In the Wake of Juarez: The Drawings of Alice Leora Briggs

Susan Wider | THE magazine - March 27, 2013

"I find her pictures, in spite of the subject matter, to be strangely beautiful"

Alice Leora Briggs, 
Gun + Smoke, sgraffito on wood panel, 2007. Courtesy: Avants/Oullette Collection

"My artwork has not stopped the rapes, kidnappings and murders, or brought reason to this border city. But I am without other tools."
–Alice Leora Briggs

I admit it. I was apprehensive about attending this exhibition. I had seen images of some of Alice Leora Briggs’ drawings in advance: there were pistols, machine guns, tortured bodies and dead animals. All of the works interpret drug cartel violence in Juárez, Mexico. I expected the visit to be tough. Access to the museum’s second-floor Clinton Adams Gallery is by elevator; it swallows you on the ground floor and spits you out its rear door into a sea of red. Blood red. Nearly every wall in the gallery is painted this way, underscoring the death and despair in the art.

The elevator door opens on to "Gun + Smoke," a diptych that tells the story of an attorney who unwittingly scheduled a meeting with his own murderers. In one panel we see the killer’s left hand holding a gun—finger on the trigger—to the attorney’s head. Briggs then places the other side of his head in the second panel, slightly out of alignment with himself. There is a cigarette in his left hand and a ring on his little finger, suggesting an attachment. His face appears younger in this panel; next to him is a caring, bespectacled onlooker who registers no visible fear. The two sides of the attorney’s face show different emotions, but neither of these feels like fear, either. Instead, he seems resigned to his fate.

“I don’t think these things are beautiful,” says Briggs, “but I try to make the images beautiful because I think they deserve our attention.” This could be interpreted as a contradiction, but in fact it mirrors an inherent belief of the cartels, that they are killing people who deserve to die and that this is divine justice. Further underlining the contradiction is Briggs’ admission that she is interested in portraying “extreme situations that bring out the best and the worst in people.” She does so by using sgraffito—a technique with roots in 13th-century Germany—to cut, scratch, and gouge the pictures.

How oddly fitting to choose a violent method to create the drawings’ violence. First, Briggs prepares a wood panel with a substrate of white kaolin clay covered with a thin layer of black India ink. Then she uses objects like needles, knives, steel wool and wire brushes to create her detailed images. “Every time I make a mark,” she says, “I’m making a light in the dark.”

Briggs frequently includes references from allegories, history and Shakespearean tragedies, particularly those depicting martyrdom war, and torture. In "Death of a Virgin," the left half of the picture shows a detailed shooter, complete with ear protection and a shiny belt buckle. He inserts the muzzle of his semi-automatic weapon into the praying hands of the Virgin swooning into the arms of St. John the Evangelist from Rogier van der Weyden’s "Crucifixion Diptych," c.1455-59. The figures of the Virgin and St. John hang upside down in the right side of the drawing as though suspended from above. The entire background shows Renaissance-style figures that are inverted in the top half of the drawing and upright in the bottom half. When they are upside down they are in the business of dying and when upright they are simply going about their lives, eating, reading, lusting.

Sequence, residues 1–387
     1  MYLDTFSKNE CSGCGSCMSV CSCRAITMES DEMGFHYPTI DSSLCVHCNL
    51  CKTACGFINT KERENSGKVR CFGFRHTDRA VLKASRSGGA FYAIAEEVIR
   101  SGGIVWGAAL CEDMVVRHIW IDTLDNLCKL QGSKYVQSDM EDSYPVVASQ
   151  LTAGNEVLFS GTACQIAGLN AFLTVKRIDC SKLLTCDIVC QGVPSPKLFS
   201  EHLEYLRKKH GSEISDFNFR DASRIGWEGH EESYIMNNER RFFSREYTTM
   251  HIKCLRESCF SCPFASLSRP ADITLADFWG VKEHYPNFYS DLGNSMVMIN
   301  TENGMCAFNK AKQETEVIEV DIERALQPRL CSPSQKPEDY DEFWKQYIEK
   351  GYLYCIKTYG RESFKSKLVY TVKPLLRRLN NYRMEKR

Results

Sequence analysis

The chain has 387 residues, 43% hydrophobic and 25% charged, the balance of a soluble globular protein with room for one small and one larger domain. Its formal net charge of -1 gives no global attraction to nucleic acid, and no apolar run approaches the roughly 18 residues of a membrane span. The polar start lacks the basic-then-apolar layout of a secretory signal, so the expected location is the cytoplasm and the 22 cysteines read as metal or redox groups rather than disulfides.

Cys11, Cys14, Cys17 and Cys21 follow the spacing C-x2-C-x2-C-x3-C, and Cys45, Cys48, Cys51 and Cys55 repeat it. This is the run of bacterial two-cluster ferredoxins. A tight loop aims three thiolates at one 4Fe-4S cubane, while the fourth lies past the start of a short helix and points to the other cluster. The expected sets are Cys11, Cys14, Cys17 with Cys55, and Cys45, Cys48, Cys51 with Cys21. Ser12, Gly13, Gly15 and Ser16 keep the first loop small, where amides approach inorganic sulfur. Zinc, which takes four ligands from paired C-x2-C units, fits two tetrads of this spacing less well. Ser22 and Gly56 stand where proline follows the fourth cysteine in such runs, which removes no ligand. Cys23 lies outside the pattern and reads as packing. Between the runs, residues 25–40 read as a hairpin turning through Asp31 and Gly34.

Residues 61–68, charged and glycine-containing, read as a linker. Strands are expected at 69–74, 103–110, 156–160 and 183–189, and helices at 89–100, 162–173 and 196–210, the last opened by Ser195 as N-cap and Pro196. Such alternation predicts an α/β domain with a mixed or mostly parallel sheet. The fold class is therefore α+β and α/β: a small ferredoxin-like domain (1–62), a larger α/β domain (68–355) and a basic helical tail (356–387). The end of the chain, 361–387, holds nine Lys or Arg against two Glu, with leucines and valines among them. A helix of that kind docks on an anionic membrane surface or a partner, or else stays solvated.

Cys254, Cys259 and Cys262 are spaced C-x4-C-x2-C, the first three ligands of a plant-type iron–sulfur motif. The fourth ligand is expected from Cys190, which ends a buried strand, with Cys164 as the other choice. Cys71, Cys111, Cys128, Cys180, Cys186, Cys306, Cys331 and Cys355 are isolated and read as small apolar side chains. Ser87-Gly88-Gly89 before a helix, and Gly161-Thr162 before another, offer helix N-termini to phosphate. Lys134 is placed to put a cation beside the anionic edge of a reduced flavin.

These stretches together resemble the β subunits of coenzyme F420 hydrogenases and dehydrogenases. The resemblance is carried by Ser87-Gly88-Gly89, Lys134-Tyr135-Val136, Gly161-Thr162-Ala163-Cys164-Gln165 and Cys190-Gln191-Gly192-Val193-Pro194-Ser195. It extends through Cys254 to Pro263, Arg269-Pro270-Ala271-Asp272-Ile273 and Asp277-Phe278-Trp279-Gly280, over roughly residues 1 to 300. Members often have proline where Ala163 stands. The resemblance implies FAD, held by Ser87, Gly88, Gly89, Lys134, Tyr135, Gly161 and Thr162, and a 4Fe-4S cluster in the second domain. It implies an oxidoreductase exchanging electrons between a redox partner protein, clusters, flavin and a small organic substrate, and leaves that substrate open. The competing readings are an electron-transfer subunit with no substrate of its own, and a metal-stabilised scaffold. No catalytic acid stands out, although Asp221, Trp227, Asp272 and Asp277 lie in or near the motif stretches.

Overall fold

Briggs often presents events from normal life in the foreground while horrific violence occurs in the background. In "Damage," we see a man eating quietly, fork in right hand, napkin in left. His female companion holds one hand to her face in a gesture of worry. Behind them, destruction is total. There are burnt-out cars and a trashed and partly collapsed building. To inform her work, Briggs often travels to a Juárez morgue, or the site of a particular execution, or the “death houses” used for torture, or an asylum for the disinherited.

With "Abecedario de Juárez," Briggs borrows from Hans Holbein’s 1538 alphabet. Each letter is drawn on a separate board and not only represents elements of cartel vocabulary but is also often draped with a body or floats above a murder scene. Briggs’ intent is to show the daily killings as both industry and entertainment, and to capture the current vocabulary where each letter has its own glossary of narco terms.         

The exhibition showcases 41 works, mostly sgraffito, from 1996 to 2012. Curator Robert Ware incorporates many quotes from Briggs in the accompanying wall text. The most chilling is Briggs’ description of her own brush with death in Chicago in the early 1980s when “a total stranger slammed a loaded gun into my mouth.” She also describes how no one stopped to help and how the experience “contributed to my interest in places like Juárez.” (Also setting the stage for her self-described preoccupation with mortality was the death of her brother in a climbing accident at age 15.)

In a media room next to the gallery, visitors can view an 80-minute film, "El Sicario, Room 164" (Icarus Films, 2011) by Gianfranco Rosi and Charles Bowd. This is a gripping interview with a Juárez hit man who worked as a police officer while on the cartel payroll. The interview takes place in a hotel room where he tortured his victims. He wears a black hood and punctuates his remarks by drawing on a white sketchpad. Watching even a few minutes of the film adds another layer of grim reality to Briggs’ paintings.

The elevator sends me back out into the museum’s bright lobby. I’m ready to shed the tension, and as I do I realize that I’ve reacted just as Briggs said—I find her pictures, in spite of the subject matter, to be strangely beautiful. Yes, it’s deadly red upstairs, but that’s also the color of life.